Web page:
This mountain range influences wines in many ways from seeing them harvested on their slopes to sharing climates and soil types / streams and much more.

Having been to Alpine regions many times I can very much relate to the Alpine freshness that is used by some when explaining aromas and tastes of wines – I have stood in many of the countries with the Alps in view and seen the influence of these mountains and certainly embraced the freshness in the air they hold.

Trentino-Alto Adige

One of the smallest wine growing regions in Italy and quite some way North being just a few km’s away from Austrian border – The Alto Adige region hold 5,000 vine growers, 5,500 hectares and a total of 20 grape varieties used. Mostly white wines are produced with many also producing sparkling labels. The official Alto Adige website lists some 230 wineries. Attached to and north of the Trento DOC region.

The multifaceted vineyard landscape of Alto Adige reveals itself on one hand near the valley floor on alluvial land and debris cones, on the other hand on impressive hillsides and terraced slopes up to elevations of 1,000 m (3,300 ft.) above sea level.” source Alto Adige Wines

2020 Award Winners from Arunda

2020 Award Winners from Arunda


One winery that finds itself in this amazing wine region is Arunda Sektkellerei located in Mölten – A winery that produces a fine selection of 12 traditional method (Metodo Classico) sparkling wines. These wines include award winning examples along with labels to suit all preference from vintage to extra brut and rosé included. Quoted as being 1,200 meters of altitude of Meltina, they are also referenced occasionally as the highest winery in Europe.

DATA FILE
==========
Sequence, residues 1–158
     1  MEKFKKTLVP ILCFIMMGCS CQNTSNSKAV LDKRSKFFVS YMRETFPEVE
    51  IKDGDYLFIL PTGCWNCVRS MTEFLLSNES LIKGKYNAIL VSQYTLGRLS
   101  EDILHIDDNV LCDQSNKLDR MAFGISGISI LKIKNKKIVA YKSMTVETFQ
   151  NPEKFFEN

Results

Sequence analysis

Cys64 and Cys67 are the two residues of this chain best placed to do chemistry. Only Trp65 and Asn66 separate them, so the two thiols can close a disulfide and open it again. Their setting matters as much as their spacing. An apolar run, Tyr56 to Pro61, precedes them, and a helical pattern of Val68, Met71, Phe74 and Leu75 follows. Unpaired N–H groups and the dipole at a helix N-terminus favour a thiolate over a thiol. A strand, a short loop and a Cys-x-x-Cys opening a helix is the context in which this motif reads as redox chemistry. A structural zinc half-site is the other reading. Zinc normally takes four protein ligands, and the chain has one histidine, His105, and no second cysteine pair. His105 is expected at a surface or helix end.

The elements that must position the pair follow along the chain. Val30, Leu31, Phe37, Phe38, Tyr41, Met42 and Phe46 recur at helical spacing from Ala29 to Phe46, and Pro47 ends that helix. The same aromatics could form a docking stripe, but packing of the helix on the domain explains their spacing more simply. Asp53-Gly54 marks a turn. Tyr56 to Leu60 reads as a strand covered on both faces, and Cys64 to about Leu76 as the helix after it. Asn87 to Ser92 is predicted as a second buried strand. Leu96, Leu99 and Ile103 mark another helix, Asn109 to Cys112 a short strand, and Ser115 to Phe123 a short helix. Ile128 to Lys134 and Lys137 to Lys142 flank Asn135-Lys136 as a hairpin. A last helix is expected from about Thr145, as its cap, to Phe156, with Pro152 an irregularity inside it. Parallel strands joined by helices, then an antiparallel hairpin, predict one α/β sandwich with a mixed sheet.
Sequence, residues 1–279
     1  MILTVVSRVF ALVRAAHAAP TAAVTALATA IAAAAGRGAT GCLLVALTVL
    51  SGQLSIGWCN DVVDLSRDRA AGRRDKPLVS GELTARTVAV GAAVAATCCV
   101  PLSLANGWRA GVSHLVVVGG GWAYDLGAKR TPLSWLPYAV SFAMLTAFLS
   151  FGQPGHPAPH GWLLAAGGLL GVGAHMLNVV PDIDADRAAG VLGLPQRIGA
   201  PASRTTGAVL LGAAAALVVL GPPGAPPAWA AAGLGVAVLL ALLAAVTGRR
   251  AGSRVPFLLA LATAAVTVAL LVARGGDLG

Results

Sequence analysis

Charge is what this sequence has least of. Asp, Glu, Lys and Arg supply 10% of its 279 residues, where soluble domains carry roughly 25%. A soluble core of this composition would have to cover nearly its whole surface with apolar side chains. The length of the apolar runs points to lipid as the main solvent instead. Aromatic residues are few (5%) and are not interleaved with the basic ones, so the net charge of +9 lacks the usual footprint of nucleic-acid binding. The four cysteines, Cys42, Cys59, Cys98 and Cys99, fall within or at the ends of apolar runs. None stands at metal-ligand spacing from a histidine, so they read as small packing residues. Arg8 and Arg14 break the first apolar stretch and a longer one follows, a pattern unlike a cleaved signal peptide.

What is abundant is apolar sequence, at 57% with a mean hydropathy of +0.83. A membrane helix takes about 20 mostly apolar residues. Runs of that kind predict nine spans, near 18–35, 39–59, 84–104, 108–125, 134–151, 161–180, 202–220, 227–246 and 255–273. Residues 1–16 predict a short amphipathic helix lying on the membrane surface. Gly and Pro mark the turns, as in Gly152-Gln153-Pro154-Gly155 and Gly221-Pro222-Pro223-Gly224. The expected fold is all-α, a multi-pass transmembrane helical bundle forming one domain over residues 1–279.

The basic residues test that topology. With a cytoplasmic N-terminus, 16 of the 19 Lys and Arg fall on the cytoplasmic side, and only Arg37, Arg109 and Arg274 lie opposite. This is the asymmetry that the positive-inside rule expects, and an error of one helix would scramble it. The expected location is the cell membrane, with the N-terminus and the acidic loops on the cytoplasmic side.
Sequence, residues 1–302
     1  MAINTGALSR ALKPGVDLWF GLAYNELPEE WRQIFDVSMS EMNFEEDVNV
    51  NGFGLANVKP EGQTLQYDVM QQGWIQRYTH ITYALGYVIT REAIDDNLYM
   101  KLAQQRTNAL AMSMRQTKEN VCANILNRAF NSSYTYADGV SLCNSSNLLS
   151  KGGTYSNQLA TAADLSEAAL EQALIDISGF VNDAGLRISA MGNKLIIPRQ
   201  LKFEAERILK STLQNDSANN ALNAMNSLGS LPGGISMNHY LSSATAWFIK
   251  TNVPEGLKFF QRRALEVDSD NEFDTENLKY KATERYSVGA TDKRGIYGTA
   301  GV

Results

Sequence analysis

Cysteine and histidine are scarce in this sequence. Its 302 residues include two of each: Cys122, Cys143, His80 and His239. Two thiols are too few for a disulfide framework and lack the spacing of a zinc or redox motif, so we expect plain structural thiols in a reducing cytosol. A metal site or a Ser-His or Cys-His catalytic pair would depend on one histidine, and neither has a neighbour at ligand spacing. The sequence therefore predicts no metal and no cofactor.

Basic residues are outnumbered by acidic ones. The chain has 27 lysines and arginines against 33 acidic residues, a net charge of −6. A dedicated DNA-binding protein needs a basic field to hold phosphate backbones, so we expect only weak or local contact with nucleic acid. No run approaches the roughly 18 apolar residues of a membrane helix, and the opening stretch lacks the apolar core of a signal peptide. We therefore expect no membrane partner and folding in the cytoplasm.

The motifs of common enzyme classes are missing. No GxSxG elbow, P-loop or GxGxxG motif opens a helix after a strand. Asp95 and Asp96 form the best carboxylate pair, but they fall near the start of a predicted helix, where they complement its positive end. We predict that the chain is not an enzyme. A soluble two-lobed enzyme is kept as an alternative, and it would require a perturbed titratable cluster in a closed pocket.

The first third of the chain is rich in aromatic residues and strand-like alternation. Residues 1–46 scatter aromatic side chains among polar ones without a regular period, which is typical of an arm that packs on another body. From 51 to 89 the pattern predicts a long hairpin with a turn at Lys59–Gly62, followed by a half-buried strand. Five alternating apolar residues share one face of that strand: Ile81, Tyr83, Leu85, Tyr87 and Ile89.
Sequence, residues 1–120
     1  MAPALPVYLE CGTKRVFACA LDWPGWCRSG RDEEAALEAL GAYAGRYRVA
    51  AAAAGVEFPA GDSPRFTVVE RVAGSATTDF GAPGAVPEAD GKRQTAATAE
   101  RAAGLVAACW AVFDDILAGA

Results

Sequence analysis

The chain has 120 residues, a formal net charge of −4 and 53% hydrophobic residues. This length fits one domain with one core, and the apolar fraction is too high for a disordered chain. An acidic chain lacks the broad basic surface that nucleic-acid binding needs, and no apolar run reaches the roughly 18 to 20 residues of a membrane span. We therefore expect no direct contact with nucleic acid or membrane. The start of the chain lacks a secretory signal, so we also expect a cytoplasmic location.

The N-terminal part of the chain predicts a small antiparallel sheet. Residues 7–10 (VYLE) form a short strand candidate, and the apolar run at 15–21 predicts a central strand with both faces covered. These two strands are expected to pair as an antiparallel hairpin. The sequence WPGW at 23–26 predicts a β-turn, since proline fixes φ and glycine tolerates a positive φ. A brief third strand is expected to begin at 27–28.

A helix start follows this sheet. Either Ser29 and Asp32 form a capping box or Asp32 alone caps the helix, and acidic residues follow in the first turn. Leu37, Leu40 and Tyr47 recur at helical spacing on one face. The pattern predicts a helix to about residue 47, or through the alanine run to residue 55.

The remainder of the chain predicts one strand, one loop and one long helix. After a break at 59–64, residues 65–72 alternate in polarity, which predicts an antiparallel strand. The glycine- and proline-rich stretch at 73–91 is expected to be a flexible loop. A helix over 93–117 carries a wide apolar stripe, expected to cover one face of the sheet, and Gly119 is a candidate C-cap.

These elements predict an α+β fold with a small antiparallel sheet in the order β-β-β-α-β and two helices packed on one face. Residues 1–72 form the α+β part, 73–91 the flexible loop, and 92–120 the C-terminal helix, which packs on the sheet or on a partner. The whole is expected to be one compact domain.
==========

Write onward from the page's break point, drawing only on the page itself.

Michael ‘Muggi’ Reiterer, quite an artist person who frequently releases artwork and shares them actively on social media (find him on Facebook here), works on the winemaking process and has his own artist label ‘Cuvée Muggi’. The winery sees some 100,000 bottles produced each year and production is led by Josef Reiterer and Marianne Reiterer.

Award winning Alto Adige sparkling wines:

In 2019 their label ‘Cuvée Marianna’ Extra Brut Vintage took home the trophy for ‘Vintage’ at the Glass of Bubbly Awards, Michael travelled to London in order to claim his very well deserved praise and golden goblet. In 2020 Arunda saw two golds and two silvers for their entries.


As part of this article, I wanted to take a look at one of the wines of Arunda and what better place to start than by exploring the ‘Cuvée Muggi‘ label seeing as I see this quite frequently referred to on Michael’s Facebook timeline. ‘Magic Bubbles’ is very much the philosophy that Michael works under so can I echo his description with my tasting?

Arunda – Cuvee Muggi

Arunda – Cuvee Muggi

Arunda – Cuvee Muggi tasting notes: “A most engaging nose with apricot, yellow flora, soft pastry. Flavours are initially dry and crisp showing lemon and peach skin, then flows into rounder honeysuckle, sea breeze, apricot, grapefruit characters. Elegant and fresh in style. Very Alpine!


Title image full copyright to:

Christopher Walkey

Co-founder of Glass of Bubbly. Journalist and author focused on Champagne & Sparkling Wines and pairing them with foods.